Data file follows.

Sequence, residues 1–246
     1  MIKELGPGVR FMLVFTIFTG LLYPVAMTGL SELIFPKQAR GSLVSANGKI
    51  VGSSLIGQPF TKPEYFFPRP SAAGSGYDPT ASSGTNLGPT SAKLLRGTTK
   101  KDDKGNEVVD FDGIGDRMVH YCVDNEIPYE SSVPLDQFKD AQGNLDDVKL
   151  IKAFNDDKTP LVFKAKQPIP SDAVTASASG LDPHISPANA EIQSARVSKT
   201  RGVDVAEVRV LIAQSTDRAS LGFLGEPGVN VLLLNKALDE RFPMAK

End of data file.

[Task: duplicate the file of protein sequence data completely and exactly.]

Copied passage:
Sequence, residues 1–246
     1  MIKELGPGVR FMLVFTIFTG LLYPVAMTGL SELIFPKQAR GSLVSANGKI
    51  VGSSLIGQPF TKPEYFFPRP SAAGSGYDPT ASSGTNLGPT SAKLLRGTTK
   101  KDDKGNEVVD FDGIGDRMVH YCVDNEIPYE SSVPLDQFKD AQGNLDDVKL
   151  IKAFNDDKTP LVFKAKQPIP SDAVTASASG LDPHISPANA EIQSARVSKT
   201  RGVDVAEVRV LIAQSTDRAS LGFLGEPGVN VLLLNKALDE RFPMAK